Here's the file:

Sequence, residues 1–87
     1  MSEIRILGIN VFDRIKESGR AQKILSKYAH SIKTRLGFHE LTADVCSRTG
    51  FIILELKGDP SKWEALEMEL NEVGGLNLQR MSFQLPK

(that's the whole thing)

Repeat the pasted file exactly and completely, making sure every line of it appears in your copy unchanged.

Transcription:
Sequence, residues 1–87
     1  MSEIRILGIN VFDRIKESGR AQKILSKYAH SIKTRLGFHE LTADVCSRTG
    51  FIILELKGDP SKWEALEMEL NEVGGLNLQR MSFQLPK